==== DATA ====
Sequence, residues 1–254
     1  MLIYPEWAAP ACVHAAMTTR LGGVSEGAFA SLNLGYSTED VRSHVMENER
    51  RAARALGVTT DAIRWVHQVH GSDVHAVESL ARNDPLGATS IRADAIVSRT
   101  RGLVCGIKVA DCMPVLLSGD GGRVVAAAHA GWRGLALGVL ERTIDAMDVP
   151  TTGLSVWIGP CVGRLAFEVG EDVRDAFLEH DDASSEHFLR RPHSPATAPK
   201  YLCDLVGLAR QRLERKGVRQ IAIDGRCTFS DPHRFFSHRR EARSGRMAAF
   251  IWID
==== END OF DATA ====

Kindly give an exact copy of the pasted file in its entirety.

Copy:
Sequence, residues 1–254
     1  MLIYPEWAAP ACVHAAMTTR LGGVSEGAFA SLNLGYSTED VRSHVMENER
    51  RAARALGVTT DAIRWVHQVH GSDVHAVESL ARNDPLGATS IRADAIVSRT
   101  RGLVCGIKVA DCMPVLLSGD GGRVVAAAHA GWRGLALGVL ERTIDAMDVP
   151  TTGLSVWIGP CVGRLAFEVG EDVRDAFLEH DDASSEHFLR RPHSPATAPK
   201  YLCDLVGLAR QRLERKGVRQ IAIDGRCTFS DPHRFFSHRR EARSGRMAAF
   251  IWID